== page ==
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Why Do Children Take Care of Their Elderly Parents? Are the Japanese Any Different?

Listed author(s):
  • Horioka, Charles Yuji
  • Gahramanov, Emin
  • Hayat, Aziz
  • Tang, Xueli

In this paper, we conduct a theoretical analysis of why individuals provide are and attention to their elderly parents using a two-period overlapping generations model with endogenous saving and a “contest success function” and test this model using micro data from a Japanese household survey, the Osaka University Preference Parameter Study. To summarize our main findings, we find that the Japanese are more likely to live with (or near) their elderly parents and/or to provide care and attention to them if they expect to receive a bequest from them, which constitutes strong support for the selfish bequest motive or the exchange motive (much stronger than in the United States), but we find that their caregiving behavior is also heavily influenced by the strength of their altruism toward their parents and social norms.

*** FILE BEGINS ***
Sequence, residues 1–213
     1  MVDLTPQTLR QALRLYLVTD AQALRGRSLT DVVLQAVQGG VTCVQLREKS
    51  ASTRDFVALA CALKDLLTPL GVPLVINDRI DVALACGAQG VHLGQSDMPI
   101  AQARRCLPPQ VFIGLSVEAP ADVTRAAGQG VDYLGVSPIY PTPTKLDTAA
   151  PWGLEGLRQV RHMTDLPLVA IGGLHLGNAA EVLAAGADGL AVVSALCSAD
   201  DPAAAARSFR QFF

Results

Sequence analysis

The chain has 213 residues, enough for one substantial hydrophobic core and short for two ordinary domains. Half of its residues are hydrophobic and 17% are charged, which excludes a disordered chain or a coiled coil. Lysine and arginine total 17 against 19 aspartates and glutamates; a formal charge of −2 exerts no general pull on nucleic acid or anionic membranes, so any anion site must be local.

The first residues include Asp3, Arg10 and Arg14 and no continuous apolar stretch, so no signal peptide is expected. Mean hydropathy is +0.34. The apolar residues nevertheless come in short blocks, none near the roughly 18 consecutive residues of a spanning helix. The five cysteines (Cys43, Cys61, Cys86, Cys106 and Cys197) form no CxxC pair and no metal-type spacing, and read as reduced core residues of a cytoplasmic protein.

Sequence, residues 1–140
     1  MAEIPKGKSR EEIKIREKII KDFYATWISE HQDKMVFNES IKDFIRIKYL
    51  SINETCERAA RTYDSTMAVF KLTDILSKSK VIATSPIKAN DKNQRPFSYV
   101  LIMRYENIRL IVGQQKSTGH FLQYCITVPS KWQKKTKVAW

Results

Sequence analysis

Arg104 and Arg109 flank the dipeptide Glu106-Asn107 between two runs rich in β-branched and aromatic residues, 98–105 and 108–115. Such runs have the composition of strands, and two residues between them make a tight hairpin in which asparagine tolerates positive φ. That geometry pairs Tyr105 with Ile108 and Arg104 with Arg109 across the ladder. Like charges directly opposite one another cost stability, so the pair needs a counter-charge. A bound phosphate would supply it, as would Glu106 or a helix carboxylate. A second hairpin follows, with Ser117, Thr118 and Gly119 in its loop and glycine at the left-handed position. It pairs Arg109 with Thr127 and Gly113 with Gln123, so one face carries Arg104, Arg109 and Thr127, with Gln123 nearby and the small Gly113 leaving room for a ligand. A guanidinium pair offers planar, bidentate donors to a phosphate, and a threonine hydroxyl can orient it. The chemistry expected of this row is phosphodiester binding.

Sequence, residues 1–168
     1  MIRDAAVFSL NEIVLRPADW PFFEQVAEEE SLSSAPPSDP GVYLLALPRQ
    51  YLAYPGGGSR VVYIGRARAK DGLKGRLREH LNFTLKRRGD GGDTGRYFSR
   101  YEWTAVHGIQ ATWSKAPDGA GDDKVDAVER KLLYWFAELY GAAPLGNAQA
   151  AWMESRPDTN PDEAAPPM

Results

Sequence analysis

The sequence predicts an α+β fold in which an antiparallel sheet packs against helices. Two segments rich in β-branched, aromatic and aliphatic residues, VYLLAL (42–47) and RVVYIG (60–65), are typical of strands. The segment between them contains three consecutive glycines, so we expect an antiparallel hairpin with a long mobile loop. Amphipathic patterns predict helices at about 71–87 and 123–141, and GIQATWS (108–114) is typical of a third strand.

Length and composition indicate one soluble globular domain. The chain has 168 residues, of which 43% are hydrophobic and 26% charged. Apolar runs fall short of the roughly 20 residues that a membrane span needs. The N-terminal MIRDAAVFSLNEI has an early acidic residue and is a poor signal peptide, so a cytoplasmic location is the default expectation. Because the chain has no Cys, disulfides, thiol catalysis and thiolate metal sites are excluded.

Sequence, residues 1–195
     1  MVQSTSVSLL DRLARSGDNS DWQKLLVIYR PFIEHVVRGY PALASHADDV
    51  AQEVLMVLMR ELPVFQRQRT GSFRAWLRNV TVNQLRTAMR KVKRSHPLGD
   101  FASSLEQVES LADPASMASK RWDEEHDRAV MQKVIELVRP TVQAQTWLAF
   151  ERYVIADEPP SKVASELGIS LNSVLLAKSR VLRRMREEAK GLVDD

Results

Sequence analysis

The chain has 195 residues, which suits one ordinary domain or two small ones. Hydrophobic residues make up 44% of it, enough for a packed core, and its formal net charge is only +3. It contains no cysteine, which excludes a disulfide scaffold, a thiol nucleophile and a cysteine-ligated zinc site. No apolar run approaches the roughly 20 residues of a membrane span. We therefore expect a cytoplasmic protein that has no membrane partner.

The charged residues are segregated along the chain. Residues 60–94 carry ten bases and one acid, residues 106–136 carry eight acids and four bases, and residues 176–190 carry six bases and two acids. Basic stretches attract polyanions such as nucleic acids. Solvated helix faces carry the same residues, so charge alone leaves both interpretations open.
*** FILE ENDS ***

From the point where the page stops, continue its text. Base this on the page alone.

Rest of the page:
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Paper provided by Asian Growth Research Institute in its series AGI Working Paper Series with number 2016-11.

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Date of creation: May 2016
Handle: RePEc:agi:wpaper:00000108
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